Pinotage Gains Traction

By / Wine + Drinks / August 9th, 2012 / 3

At dinner parties around the world, wine lovers are uncorking Pinotage with aplomb: swirling, sniffing, and swooning, pairing it with well-hung beef, and talking in hushed tones about its checkered past.

It is, after all, the South African grape variety British Masters of Wine slammed in the 1970s as tasting of “rusty nails,” smelling “hot and horrible,” and “reek[ing] of nail varnish” and “acetone.”

Then, it surged into the spotlight in ‘91 when Kanonkop Pinotage 1989 was named World’s Best Red Wine at the International Wine and Spirit Competition in London, and Beyers Truter, then the Kanonkop winery cellar master, was named International Winemaker of the Year.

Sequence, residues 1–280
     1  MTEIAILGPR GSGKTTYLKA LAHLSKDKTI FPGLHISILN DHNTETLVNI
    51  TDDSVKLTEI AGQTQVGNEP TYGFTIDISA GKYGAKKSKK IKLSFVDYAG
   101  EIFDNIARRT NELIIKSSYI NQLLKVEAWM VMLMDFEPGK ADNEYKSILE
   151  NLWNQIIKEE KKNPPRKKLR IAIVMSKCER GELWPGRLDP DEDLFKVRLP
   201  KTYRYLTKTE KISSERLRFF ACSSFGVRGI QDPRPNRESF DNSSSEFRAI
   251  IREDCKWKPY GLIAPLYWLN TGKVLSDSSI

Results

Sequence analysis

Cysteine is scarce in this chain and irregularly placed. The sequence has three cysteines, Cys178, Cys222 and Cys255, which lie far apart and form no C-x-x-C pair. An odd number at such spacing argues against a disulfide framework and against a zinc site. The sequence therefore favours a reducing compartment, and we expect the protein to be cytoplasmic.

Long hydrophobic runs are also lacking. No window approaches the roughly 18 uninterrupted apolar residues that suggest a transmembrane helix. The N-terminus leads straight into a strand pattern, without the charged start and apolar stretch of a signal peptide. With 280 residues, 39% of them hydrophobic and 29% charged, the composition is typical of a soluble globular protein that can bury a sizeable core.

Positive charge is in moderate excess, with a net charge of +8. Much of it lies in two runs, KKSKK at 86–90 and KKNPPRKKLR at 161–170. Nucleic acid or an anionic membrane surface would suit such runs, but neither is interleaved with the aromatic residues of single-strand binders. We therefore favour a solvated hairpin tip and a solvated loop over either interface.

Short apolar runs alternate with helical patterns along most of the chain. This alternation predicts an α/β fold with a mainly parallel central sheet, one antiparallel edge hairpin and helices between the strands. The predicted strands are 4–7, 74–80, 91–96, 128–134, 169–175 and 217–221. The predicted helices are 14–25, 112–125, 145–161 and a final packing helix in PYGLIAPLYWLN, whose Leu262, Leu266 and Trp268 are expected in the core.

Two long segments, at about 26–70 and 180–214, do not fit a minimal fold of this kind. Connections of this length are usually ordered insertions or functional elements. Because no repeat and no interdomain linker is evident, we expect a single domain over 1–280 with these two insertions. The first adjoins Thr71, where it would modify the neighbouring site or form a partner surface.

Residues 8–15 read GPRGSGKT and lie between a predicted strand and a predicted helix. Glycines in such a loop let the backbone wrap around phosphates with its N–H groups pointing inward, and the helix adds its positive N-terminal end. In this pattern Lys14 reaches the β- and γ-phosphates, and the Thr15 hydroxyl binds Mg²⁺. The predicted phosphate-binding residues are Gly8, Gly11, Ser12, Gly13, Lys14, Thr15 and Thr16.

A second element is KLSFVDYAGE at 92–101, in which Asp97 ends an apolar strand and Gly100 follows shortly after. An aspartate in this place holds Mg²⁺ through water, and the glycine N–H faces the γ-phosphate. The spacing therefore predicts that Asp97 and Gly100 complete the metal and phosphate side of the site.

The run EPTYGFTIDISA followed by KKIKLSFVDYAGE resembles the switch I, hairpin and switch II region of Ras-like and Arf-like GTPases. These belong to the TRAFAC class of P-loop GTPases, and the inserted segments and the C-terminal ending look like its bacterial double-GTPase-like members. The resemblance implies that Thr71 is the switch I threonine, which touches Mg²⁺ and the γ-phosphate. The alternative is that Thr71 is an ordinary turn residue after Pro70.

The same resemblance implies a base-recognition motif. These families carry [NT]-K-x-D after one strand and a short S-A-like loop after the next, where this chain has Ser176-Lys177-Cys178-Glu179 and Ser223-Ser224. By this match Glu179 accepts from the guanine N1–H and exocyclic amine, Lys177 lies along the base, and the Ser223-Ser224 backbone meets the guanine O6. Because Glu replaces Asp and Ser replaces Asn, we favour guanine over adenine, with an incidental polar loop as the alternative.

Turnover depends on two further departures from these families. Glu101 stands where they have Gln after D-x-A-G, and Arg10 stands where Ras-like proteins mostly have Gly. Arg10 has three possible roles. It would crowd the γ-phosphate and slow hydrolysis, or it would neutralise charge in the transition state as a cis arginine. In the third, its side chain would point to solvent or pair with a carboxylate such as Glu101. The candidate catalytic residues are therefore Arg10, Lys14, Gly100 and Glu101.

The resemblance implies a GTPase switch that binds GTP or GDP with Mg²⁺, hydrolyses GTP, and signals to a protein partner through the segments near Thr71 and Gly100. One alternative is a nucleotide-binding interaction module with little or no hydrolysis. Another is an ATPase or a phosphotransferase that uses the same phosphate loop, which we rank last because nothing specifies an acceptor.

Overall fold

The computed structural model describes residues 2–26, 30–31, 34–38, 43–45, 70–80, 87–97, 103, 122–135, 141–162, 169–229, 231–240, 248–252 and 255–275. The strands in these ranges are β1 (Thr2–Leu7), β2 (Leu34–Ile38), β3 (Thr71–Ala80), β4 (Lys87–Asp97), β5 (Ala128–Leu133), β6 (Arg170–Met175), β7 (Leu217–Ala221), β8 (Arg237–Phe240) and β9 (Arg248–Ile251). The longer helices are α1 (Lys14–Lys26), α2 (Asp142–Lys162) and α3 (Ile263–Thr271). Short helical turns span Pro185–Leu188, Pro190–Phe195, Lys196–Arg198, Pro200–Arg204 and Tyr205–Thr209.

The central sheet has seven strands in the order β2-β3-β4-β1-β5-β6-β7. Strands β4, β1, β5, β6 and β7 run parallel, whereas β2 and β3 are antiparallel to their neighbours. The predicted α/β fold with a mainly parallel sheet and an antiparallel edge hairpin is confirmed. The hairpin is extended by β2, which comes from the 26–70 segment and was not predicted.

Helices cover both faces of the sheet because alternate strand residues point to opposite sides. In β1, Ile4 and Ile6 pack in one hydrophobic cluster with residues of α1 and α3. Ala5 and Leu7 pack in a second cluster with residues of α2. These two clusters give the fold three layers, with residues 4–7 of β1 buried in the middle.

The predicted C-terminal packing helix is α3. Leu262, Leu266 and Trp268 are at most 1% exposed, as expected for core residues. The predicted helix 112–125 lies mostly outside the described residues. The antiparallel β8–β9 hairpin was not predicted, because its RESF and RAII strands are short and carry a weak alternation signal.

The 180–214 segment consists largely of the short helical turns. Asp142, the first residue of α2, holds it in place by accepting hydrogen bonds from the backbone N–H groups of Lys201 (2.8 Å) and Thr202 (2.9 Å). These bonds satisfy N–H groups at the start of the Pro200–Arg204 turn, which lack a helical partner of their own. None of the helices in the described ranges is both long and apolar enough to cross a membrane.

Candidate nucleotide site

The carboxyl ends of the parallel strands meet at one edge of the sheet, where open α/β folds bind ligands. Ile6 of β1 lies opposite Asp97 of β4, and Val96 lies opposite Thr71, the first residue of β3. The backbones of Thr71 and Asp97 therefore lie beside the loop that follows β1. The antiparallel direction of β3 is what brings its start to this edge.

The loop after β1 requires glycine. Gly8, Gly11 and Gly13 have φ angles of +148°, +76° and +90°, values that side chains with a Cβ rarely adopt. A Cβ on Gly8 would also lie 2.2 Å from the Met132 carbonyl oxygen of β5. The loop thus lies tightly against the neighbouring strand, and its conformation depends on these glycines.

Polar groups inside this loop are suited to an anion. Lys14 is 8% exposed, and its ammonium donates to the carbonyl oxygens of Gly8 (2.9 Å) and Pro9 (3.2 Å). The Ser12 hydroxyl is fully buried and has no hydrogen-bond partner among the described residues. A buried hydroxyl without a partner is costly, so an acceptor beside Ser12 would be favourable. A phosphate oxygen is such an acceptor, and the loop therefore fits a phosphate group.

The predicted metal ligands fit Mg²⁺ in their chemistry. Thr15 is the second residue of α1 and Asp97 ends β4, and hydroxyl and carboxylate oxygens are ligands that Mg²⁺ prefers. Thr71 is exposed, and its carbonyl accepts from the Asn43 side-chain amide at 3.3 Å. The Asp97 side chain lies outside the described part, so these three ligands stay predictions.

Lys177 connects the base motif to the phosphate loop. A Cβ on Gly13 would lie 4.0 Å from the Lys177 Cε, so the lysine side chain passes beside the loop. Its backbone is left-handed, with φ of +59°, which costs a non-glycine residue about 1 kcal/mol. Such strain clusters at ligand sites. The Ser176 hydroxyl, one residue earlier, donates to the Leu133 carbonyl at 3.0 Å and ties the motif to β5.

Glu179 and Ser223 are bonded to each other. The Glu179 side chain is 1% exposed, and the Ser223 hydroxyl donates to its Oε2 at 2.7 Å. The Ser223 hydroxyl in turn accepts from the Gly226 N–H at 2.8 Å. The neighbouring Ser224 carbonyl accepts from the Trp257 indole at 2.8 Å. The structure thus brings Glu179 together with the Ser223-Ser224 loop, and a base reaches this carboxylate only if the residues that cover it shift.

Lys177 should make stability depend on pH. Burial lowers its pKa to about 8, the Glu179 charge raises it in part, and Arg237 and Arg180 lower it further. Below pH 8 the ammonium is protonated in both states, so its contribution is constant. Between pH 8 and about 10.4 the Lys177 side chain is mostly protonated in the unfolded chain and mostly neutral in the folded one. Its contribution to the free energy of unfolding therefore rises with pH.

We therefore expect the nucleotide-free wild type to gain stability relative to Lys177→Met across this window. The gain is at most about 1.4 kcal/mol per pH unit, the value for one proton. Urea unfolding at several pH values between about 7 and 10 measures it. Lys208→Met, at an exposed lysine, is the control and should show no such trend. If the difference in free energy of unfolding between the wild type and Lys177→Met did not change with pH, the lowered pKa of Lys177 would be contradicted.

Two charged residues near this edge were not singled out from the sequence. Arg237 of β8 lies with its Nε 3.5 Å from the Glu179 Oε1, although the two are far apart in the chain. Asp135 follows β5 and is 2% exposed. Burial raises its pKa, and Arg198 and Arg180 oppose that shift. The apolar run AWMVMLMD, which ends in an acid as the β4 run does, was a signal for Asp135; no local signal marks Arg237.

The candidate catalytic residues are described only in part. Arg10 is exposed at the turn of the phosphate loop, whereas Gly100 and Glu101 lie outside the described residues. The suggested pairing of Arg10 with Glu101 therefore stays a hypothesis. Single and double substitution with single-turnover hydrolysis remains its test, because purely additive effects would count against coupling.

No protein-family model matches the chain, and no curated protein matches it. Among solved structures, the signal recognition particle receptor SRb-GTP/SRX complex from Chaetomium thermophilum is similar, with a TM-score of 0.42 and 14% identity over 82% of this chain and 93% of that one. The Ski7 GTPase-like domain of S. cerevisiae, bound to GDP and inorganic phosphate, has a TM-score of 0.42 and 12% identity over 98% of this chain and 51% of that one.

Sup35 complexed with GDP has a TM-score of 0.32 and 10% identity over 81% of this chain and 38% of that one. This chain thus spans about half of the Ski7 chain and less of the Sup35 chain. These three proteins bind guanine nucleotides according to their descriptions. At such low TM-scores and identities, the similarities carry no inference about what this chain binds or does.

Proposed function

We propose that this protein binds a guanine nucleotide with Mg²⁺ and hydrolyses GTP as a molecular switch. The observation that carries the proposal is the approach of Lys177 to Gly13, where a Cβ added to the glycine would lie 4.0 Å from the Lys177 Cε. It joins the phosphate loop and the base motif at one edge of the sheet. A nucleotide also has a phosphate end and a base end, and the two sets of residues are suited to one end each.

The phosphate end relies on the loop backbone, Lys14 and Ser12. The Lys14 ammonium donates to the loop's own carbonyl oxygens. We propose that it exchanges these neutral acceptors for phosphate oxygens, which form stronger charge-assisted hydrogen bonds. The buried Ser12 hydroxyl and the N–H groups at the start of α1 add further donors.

All seemed like smooth sailing for Pinotage until 2007 when Jane MacQuitty, wine columnist for The Times in London, wrote, “South Africa has yet to tame its red wine’s peculiar burnt rubber and dirt odour.”

Then the following spring, she removed the gloves and wrote, “A recent tasting of the five-star wines … widely regarded as the Cape’s crème de la crème, proved to be a cruddy, stomach-heaving and palate-crippling disappointment … South Africa’s tell-tale dirty, rubbery red wine pong was there in abundance.” You may recall reading about this controversy in Tidings in October 2009.

Although MacQuitty can indeed be a bit acerbic, she wasn’t far off base. To some degree, she was simply committing to print what had been whispered for years in wine trade circles. So when she went public with the criticism, other British wine writers chimed in by including “burnt rubber” in their tasting notes of Pinotage.